- This was a major factor why Dave Chappelle pulled the plug on Chappelle's Show, as he'd grown sick of all the people who would walk up to him saying lines like "I'm Rick James, bitch!" (once, while he was with his wife and children!), also believing they missed the point of his show's sketches. In one live concert, Dave chewed his fans out:
Chappelle: You know why my show is good? Because the network officials say you're not smart enough to get what I'm doing, and every day I fight for you. I tell them how smart you are. Turns out I was wrong. You people are stupid.
- The late John Hughes once told someone that he left the Hollywood scene out of fear that it would have a negative impact on his kids. Plus, he felt that the film industry overworked his friend John Candy to the point that it killed him.
- Follow Jhonen Vasquez on Twitter for a while and it becomes abundantly clear that his fans really irritate him.
- Of course, he has been known in public to be very gracious and good-humored and friendly, so this may more be just a case of the fans who pester him to bring back Invader Zim, which he's grown to slightly hate due to it being bastardized by Nickelodeon and having nearly all control of it ripped away from him.
- Vasquez addresses this rumor in this video. He only really hates his fan dumb and even then, he's only even expressed displeasure for a few fan dumb behaviors.
- David Simon got himself in some hot water when he voiced his displeasure with new fans of The Wire who seemed to only latch onto the show because "Omar is so cool" rather than the deep, intricate storylines about very real social problems. But he did quickly say in another interview that his statement was perhaps too harsh, and he certainly doesn't want to tell people who enjoy his work that they can only do so in the way he wants.
- It's been obvious on the The Order of the Stick forums that Rich Burlew has become thoroughly sick of people questioning whether something that happened is in the comic is within the rules of Dungeons & Dragons. It's a bit hard to blame him for this as 1) this has been happening for years; 2) it's always been made clear that the story has priority over the rules; 3) many of the times he's accused of breaking the rules the actual rule is heavily debated and how it works in the comic is a legitimate interpretation of the written rule; or 4) the accusation is just wrong.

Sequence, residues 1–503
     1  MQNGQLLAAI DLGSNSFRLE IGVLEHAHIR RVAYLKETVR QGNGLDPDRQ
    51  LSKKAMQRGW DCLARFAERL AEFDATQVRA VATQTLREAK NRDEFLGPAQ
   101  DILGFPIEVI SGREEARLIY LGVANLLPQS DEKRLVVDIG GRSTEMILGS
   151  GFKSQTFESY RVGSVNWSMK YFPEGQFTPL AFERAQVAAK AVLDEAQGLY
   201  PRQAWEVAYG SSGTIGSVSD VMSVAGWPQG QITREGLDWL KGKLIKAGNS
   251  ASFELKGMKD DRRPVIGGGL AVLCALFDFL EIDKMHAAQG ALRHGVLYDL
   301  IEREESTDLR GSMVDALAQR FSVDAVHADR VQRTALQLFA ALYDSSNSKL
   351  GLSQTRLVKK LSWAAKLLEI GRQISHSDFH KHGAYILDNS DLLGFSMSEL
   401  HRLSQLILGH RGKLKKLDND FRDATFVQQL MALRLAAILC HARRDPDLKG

Rich Burlew: The only thing worse than the usual irrelevant rules pedantry is incorrect irrelevant rules pedantry.
- Just stick around on Hideki Kamiya's Twitter account and you're bound to see his irritation in a good fraction of his tweets. Asking him questions he's been asked repeatedly will often be met with a link to a tweet asking followers to check and search his tweet log, and pestering him with fan dumb comments (e.g. complaining about Bayonetta 2 being on the Wii U or questioning his English skills, never mind that English is not his native language) will be met with a "fuck off" at best and a derogatory comment in Japanese followed by a block at worst. Furthermore, all of his replies are public, so being a nuisance to him is a one way trip to being humiliated by other followers. He makes it no secret that some of his fans piss him off, and whenever a major news site reports on him or his games, which is when his account takes a big jump in replies from followers, you can expect tweets along the lines of "Idiots rushing in..."